Certain factors can make asthma symptoms more likely to arise during exercise. Some include:
- cold, dry air
- pollution or smoke in the air
- a high pollen count
- breathing heavily through the mouth
- chlorine fumes
- having an upper respiratory infection
- air pollutants in gyms, such as from cleaners, perfumes, fresh paint, or new equipment
- chemicals used to clean equipment or ice rinks, for example
The dryness of the air is more likely to trigger EIB than the temperature. Quickly breathing in dry air dehydrates the airways, causing them to narrow, and this restricts airflow in the body.
However, people who run outdoors in the winter do have a high risk of developing EIB.
Certain sports are more likely to trigger asthma symptoms than others. These include activities that require very deep breathing, such as running.
When exercise triggers asthma symptoms, people may avoid it and lose the health benefits that exercise can bring and miss out on otherwise enjoyable activities.
In people with severe asthma or asthma that is not managed effectively, EIB can result in serious and even life-threatening complications, including difficulty breathing.
Speak to a doctor to identify the best ways to manage asthma symptoms, including any related to exercise.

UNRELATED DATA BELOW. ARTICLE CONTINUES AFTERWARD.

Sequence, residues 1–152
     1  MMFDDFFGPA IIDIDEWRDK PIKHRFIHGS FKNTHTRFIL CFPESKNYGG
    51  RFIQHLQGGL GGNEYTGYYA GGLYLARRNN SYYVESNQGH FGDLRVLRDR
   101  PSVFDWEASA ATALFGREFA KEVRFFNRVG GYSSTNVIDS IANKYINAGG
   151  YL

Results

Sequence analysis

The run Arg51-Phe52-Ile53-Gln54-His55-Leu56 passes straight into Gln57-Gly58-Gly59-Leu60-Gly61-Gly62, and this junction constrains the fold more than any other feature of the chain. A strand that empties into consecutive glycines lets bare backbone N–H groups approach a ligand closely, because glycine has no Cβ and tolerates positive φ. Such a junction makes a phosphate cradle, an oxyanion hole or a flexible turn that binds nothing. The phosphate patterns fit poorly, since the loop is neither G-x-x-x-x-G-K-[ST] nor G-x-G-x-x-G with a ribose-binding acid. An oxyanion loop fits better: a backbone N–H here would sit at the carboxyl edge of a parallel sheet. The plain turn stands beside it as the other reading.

The first step toward managing EIB is to consult a physician and develop a treatment plan.
Many controller medications can help prevent asthma symptoms, even during exercise. In addition, a person with asthma can treat any EIB symptoms with short-acting medications.
Anyone who experiences regular EIB should speak with their healthcare provider, especially if any symptoms do not subside quickly or respond well to a rescue inhaler.
Warming up and stretching before exercise can help prevent asthma flares.
People can often prevent or reduce the severity of asthma symptoms that occur during or after exercise. Follow a doctor's instructions about using medication, including which to use and when to use them.
A person with asthma should always keep a rescue inhaler with them, even during exercise, in case a severe asthma attack occurs.
The following prevention tips may also help reduce symptoms:
- Warm up before exercise to loosen the airways and move mucus around.
- Cool down fully after exercise to slow the breathing gradually.
- Wear a scarf over the nose and mouth when exercising outdoors during the colder months or when pollen counts are high.
- Avoid exercising with a viral infection.
- Choose forms of exercise that are less likely to trigger symptoms. Exercises that involve heavy breathing are more likely to restrict the airways.
Exercise cannot cause asthma, but it can trigger symptoms, including an asthma attack, in people who already have the condition.
People who do not have asthma can develop similar symptoms if they experience EIB.
Most people with asthma have a mild form that responds well to medications. Following a doctor's instructions about medicines can help manage, and possibly prevent, asthma symptoms during exercise.